High-entropy Na-ion cathode

Our joint publication with Prof Hailong Chen’s group on “Multiprincipal Component P2-Na0.6(Ti0.2Mn0.2Co0.2Ni0.2Ru0.2)O2 as a High-Rate Cathode for Sodium-Ion Batteries” has just been published in JACS Au. In this work, we extended the “high-entropy” concept in metal alloys and ceramics to layered oxide cathode materials, which stablizes the crystal structure and enhances diffusion. Chi Chen from our group showed using AIMD calculations and NEB calculations that the high-entropy concept leads to a percolating network of low barrier pathways for fast, macroscopic Na diffusion, resulting in the observed high rate performance. Check out the work here.

Joule & Energy and AI Symposium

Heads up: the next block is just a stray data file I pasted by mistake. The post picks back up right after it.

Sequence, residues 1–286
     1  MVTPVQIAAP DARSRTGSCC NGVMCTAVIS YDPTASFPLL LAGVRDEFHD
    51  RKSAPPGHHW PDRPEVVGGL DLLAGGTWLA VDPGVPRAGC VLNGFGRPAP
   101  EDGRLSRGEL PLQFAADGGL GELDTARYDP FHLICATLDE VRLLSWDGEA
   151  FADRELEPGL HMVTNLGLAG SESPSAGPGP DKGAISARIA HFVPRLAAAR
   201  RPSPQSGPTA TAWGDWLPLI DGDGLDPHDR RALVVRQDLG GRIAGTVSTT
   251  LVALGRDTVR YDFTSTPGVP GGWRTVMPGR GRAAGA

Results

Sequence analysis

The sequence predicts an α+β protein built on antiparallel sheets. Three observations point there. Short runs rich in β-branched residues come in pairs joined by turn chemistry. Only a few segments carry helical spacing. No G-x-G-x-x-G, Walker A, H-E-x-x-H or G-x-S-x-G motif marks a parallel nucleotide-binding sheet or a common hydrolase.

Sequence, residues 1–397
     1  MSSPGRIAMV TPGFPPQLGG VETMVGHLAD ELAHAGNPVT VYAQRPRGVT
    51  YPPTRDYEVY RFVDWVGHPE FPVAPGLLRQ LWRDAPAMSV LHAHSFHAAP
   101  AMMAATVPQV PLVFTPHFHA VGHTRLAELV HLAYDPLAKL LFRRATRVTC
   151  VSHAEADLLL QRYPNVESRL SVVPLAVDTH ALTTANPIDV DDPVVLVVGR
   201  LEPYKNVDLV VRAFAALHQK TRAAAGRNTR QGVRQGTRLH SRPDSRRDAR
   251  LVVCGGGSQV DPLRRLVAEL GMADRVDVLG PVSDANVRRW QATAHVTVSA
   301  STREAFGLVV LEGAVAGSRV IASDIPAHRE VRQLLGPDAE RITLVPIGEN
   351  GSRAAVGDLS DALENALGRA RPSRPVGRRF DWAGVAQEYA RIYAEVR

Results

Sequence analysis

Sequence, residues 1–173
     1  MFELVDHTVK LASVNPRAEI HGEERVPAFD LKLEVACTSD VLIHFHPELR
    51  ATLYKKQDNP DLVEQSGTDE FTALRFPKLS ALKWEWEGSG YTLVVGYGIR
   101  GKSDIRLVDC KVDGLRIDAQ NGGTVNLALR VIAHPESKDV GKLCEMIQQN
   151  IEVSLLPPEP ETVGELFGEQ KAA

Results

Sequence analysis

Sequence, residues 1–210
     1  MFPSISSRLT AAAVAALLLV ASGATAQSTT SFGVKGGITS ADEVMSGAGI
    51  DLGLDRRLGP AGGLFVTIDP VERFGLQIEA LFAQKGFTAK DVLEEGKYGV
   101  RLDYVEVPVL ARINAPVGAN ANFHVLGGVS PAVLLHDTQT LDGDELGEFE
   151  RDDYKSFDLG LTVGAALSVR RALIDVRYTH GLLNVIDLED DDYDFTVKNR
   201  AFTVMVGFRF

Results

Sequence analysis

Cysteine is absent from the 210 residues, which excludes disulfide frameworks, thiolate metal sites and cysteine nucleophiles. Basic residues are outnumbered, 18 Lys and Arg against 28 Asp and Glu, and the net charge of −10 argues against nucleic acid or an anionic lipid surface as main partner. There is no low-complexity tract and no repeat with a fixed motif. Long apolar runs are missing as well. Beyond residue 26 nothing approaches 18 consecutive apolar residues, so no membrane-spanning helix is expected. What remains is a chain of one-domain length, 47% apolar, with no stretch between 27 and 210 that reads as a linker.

Prof Ong gave a talk at the Joule & Energy and AI Joint Online Symposium on our recent work on “Multi-fidelity Graph Networks forMaterials Property Predictions”. Predicting the properties of a material from the arrangement of its atoms is a fundamental goal in materials science. In recent years, machine learning (ML) on ab initio calculations has emerged as a new paradigm to provide rapid predictions of materials properties across vast chemical spaces. However, the performances of ML models are determined by the quantity and quality of data, which tend to be inversely correlated with each other. In this talk, we show that multi-fidelity materials graph networks can transcend this trade-off to achieve accurate predictions of the experimental band gaps of ordered and disordered materials to within 0.3-0.5 eV. Further, such models can be readily extended to predict the band gaps of disordered crystals to excellent agreement with experiments, addressing a major gap in the computational prediction of materials properties. You can check out the two works discussed in the presentation at: (1) Chen, C.; Zuo, Y.; Ye, W.; Li, X.; Ong, S. P. Multi-Fidelity Graph Networks for Machine Learning the Experimental Properties of Ordered and Disordered Materials. arXiv:2005.04338 [cond-mat] 2020. […]